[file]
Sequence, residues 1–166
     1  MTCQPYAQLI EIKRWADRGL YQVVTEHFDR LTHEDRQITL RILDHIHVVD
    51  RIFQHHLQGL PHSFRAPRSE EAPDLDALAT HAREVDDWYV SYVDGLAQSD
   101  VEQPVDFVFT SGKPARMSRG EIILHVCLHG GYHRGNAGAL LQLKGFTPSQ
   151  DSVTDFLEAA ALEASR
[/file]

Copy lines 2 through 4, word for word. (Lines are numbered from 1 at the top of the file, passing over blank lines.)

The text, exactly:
     1  MTCQPYAQLI EIKRWADRGL YQVVTEHFDR LTHEDRQITL RILDHIHVVD
    51  RIFQHHLQGL PHSFRAPRSE EAPDLDALAT HAREVDDWYV SYVDGLAQSD
   101  VEQPVDFVFT SGKPARMSRG EIILHVCLHG GYHRGNAGAL LQLKGFTPSQ